I've had this question on the very back of my mind ever since I saw the definition of natural transformations in the Edward Kmett's old category-extras package:

```
-- | A natural transformation between functors f and g.
type f :~> g = forall a. f a -> g a
```

But now reading Stephen Diehl's blog post on adjunctions, I find this:

A natural transformation in our context will be a polymorphic function associated with two Haskell functor instances f and g with type signature (Functor f, Functor g) => forall a. f a -> g a. Which could be written with the following type synonym.

`type Nat f g = forall a. f a -> g a`

Which was a slap in the face of my "I'll continue ignoring this" attitude. So for the question: Why is okay to suddenly drop the functor constraints?

`Nat`

, you will be supplying types. The type synonym itself makes no use of the fact that they are Functors. Only when you use it does that make a difference, if that makes sense. – David Young Feb 18 at 0:27`forall`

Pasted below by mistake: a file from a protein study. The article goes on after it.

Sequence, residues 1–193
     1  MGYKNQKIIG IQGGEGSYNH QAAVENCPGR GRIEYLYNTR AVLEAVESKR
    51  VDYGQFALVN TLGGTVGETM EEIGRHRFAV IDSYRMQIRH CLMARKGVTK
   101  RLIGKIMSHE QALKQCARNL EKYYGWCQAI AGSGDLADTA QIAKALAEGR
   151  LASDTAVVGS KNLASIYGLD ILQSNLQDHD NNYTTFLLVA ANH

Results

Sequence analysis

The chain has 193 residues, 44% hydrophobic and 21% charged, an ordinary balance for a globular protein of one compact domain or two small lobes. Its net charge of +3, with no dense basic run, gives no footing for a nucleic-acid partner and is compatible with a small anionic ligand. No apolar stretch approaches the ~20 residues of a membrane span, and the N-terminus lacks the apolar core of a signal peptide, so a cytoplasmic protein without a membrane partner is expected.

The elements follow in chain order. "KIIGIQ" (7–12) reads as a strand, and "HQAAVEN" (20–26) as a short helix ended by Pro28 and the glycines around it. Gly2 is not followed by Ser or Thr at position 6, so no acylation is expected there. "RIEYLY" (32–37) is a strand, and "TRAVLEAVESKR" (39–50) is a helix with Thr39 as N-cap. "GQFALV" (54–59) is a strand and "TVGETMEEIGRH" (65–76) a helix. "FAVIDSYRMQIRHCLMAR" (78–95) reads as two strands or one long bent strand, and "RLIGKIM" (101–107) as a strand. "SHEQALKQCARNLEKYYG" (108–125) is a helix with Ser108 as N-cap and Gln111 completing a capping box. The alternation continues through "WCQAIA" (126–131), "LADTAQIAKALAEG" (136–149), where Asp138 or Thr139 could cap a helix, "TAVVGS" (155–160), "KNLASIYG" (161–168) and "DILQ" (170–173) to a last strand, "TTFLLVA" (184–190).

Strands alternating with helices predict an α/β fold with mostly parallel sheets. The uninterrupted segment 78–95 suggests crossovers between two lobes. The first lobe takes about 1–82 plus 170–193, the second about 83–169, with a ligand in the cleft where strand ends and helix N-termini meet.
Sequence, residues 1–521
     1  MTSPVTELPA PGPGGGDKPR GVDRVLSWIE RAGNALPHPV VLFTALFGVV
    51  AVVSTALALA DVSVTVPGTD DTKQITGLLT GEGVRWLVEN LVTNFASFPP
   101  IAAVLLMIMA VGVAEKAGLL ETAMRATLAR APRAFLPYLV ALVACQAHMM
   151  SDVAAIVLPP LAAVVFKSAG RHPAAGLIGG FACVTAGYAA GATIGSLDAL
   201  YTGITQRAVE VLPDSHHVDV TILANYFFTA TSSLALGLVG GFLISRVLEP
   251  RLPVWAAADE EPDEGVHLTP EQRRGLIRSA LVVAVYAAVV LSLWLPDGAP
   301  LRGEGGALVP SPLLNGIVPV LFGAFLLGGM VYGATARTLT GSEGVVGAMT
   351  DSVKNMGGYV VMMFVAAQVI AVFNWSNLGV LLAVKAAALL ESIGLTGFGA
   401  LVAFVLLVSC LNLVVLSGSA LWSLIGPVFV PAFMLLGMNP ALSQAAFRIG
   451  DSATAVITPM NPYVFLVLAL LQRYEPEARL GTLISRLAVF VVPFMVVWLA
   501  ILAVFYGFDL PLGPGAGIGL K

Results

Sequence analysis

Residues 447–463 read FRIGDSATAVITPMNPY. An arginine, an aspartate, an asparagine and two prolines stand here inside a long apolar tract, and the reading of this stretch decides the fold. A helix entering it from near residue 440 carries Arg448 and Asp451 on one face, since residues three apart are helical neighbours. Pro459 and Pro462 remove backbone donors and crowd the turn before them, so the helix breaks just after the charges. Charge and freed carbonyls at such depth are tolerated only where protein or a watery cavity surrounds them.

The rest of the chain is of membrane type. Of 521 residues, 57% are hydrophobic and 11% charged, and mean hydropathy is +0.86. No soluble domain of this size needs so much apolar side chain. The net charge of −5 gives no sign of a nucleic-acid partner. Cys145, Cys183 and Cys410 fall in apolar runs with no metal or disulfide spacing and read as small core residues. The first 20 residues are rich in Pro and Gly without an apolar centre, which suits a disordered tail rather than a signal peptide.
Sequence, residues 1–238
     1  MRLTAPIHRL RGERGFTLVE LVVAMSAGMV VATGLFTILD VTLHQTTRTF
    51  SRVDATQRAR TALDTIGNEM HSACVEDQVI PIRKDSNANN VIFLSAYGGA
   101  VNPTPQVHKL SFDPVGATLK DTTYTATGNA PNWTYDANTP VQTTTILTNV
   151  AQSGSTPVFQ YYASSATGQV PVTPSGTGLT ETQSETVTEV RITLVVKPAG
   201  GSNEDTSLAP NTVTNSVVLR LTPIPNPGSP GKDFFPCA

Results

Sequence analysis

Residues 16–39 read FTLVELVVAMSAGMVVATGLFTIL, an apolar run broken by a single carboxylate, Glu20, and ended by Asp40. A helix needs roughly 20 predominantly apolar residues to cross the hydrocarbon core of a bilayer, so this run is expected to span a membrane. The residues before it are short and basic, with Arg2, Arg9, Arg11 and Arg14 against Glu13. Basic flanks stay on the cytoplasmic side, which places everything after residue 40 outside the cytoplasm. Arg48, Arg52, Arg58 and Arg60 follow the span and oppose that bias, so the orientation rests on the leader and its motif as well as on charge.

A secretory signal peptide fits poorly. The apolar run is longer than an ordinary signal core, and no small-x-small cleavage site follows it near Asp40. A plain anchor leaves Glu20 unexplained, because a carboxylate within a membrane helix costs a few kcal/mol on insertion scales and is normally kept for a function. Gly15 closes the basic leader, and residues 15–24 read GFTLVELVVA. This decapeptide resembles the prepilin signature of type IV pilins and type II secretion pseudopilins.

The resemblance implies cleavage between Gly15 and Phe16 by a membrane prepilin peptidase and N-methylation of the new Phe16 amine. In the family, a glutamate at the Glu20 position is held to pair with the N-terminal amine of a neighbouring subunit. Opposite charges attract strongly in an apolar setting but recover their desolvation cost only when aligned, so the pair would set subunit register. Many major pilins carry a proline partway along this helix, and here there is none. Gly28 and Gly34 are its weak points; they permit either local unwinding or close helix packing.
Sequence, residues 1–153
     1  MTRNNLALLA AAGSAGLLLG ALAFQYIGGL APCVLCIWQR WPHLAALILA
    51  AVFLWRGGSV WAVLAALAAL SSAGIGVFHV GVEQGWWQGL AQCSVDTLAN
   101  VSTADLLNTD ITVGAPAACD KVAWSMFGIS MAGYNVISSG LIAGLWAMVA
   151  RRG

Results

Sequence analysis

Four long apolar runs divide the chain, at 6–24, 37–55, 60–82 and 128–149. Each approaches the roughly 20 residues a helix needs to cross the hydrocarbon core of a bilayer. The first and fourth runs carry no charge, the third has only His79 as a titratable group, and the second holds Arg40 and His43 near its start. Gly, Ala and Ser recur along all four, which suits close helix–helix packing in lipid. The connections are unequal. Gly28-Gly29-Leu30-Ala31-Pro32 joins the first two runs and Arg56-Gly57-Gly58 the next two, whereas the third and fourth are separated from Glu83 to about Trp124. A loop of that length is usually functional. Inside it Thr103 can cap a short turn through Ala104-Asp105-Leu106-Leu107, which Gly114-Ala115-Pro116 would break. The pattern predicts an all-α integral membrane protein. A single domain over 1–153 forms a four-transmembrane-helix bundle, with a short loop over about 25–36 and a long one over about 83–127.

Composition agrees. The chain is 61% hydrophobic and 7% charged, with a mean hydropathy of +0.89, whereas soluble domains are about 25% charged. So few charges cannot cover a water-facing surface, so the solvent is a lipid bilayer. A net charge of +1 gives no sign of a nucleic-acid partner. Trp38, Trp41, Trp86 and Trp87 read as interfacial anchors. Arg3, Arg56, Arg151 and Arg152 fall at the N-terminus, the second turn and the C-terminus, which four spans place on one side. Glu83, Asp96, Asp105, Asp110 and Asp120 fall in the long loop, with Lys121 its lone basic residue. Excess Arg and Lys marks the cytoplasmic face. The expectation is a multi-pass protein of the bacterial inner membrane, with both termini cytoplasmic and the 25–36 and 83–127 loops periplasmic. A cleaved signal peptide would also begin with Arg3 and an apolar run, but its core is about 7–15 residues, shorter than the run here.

itself reduces the number of non-natural transform functions you can define, even if the Functors in question aren't initially evident/knocking about. – AndrewC Feb 18 at 0:39`f`

and`g`

have to be polymorphic - but that isn't the same as being a functor. What am I missing? And: thanks for the link; a quick read through it didn't settle my doubts, but it does seem very interesting. – user2141650 Feb 18 at 14:34`f`

and`g`

don't need to be polymorphic (if you're talking about a specific natural transformation). For example, we might talk about the natural transformation`safeHead :: Nat [] Maybe`

.`a`

must be polymorphic and universally quantified though, for it to be natural. – David Young Feb 18 at 22:37